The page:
Latest Catalogue Infertility

Infertility

DEFINITION

Infertility is the inability to conceive after one year of regular, unprotected intercourse. It may be a result of biological factors affecting either the male or female partner.


DESCRIPTION

For a woman to become pregnant, a number of events need to occur. A woman must produce an egg which develops normally and is released (ovulation) to be fertilised by sperm. The resulting embryo must be transported to the woman's uterus and implanted where it grows and matures. If any of these events do not occur, or are disrupted, Infertility will result.
Major factors which contribute to Infertility include problems with male sperm, ovulation, internal tubes and cervical mucus. In approximately 10% of cases, no specific cause can be identified.

 

Male factors
- Exposure to high temperatures. It takes 72 to 74 days for sperm cells to develop. Optimum growth occurs at 34 degrees Celsius (93.2 degrees fahrenheit). Higher temperatures (excessive heat or fever) may affect fertility.
- Physical abnormalities.
- Poor blood drainage from the testes (resulting in higher temperatures).
- Ejaculation into the bladder.
- Hormone disorders.
- Genetic disorders.

 

Female factors
- Inability to produce eggs.
- Failure to ovulate.
- Blocked fallopian tubes.
- Scarring of the uterus.
- Inability to produce cervical mucus in sufficient quantity or of sufficient quality.

 

Lifestyle factors
- Obesity.
- Tobacco.
- Alcohol.
- Caffeine (tea, coffee, caffeine containing soft drinks).
- Dieting, fasting and malnourishment can also cause temporary Infertility.
- Stress.
- Exposure to industrial or environmental toxins.
- Recreational drug use.
- Exposure to stilboestrol or anabolic steroids.


TREATMENT OPTIONS

- As with all conditions, your Doctor should be consulted to diagnose and treat this condition. Identifying the cause of your infertility is important as it may affect the choice of treatment.

- A complete medical examination should be carried out on both the male and the female partner. See the Infertility Tests topic for more information on the diagnosis process.
- Structural problems, such as a blocked fallopian tube may require minor surgery.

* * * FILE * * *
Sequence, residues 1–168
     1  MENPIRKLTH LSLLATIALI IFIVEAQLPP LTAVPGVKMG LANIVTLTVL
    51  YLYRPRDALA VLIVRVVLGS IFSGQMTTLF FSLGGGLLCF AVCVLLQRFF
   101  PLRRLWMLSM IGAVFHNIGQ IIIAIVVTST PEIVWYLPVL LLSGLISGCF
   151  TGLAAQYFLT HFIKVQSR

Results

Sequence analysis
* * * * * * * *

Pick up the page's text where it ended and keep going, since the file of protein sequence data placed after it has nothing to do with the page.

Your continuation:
- Your Doctor may prescribe fertility drugs to stimulate ovulation.

- Assisted Reproductive Technology (ART) includes treatments such as in vitro fertilization (IVF) and Intracytoplasmic sperm injection (ICSI) etc
- See the Infertility Treatments topic for more detailed information
- Avoid smoking, exposure to toxins, stress, excessive alcohol and other recreational drug intake.


DIET HINTS

- There is no particular diet that will directly enhance fertility, however, maintaining good health through sensible eating and regular exercise may help to encourage conception.
- Include plenty of vitamin E-rich foods such as almonds, sunflower seeds, raw wheat germ and wholemeal bread.
- Use olive oil as a base for cooking rather than butter or other fats.
- Include plenty of fresh fruit and vegetables in the diet. Five servings per day are recommended.
- Try to drink between 6 to 8 glasses of freshly filtered water each day.
- Include foods rich in zinc, such as oysters, seafood and lean red meat. Folate is also important and is found in dark green leafy vegetables.
- Avoid drinks which contain caffeine such as coffee, tea and cola drinks.
- Adequate protein is important for people who are trying to conceive. Lean red meat, skinless chicken and fish are good sources of protein. Vegetarians may need to combine grains and legumes (beans, peas, lentils etc) in the same meal and take a B group vitamins supplement containing vitamin B12. Brewers' yeast is a good source of B vitamins.


VITAMINS/MINERALS/HERBS

See the topic Infertility - Supplements.
- A folic acid deficiency may cause Infertility in women..
- Vitamin B6 may increase progesterone levels and benefit female Infertility. Vitamin B6 is required for RNA and DNA synthesis.
- A deficiency of vitamin B12 may be associated with male Infertility.
- Vitamin C may protect against oxidative DNA damage to sperm. Vitamin C may also protect sperm from cigarette smoke damage. Vitamin C is thought to prevent sperm from clumping and improve sperm motility.
- A deficiency of zinc is believed to be associated with oligospermia (insufficient sperm in the semen), decreased sperm motility and decreased testosterone levels. These problems may result in male Infertility.
- Low iron levels in women may result in Infertility. Iron supplementation is most effective when given with vitamin C.
- Vitamin E is required for balanced hormone production. Vitamin E is known as the 'sex vitamin' because it carries oxygen to the sex organs.
- Natural beta carotene may be important for reproductive gland function.
- False unicorn root (Chamaelirium luteum) may help to normalise ovarian function when female Infertility is associated with erratic ovulation.
- Some types of Infertility may respond to chaste tree berries (Vitex agnus castus), particularly if associated with elevated prolactin levels.


PHARMACIST'S ADVICE

1) If you need help to stop smoking, ask your Pharmacist about the range of anti-smoking products available.
2) Consider some nutritional supplements if the diet is inadequate. Studies have indicated that vitamin E and other antioxidants may help to enhance male fertility by reducing the destruction of sperm in the body by oxidation. Evening Primrose Oil and the herb Vitex agnus-castus, taken regularly, may help to regulate the female menstrual cycle.